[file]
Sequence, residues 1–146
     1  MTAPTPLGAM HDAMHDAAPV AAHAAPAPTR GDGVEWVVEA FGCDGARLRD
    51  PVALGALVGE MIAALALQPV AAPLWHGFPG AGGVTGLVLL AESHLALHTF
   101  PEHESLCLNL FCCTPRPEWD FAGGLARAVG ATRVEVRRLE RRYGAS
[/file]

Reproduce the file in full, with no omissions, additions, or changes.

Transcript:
Sequence, residues 1–146
     1  MTAPTPLGAM HDAMHDAAPV AAHAAPAPTR GDGVEWVVEA FGCDGARLRD
    51  PVALGALVGE MIAALALQPV AAPLWHGFPG AGGVTGLVLL AESHLALHTF
   101  PEHESLCLNL FCCTPRPEWD FAGGLARAVG ATRVEVRRLE RRYGAS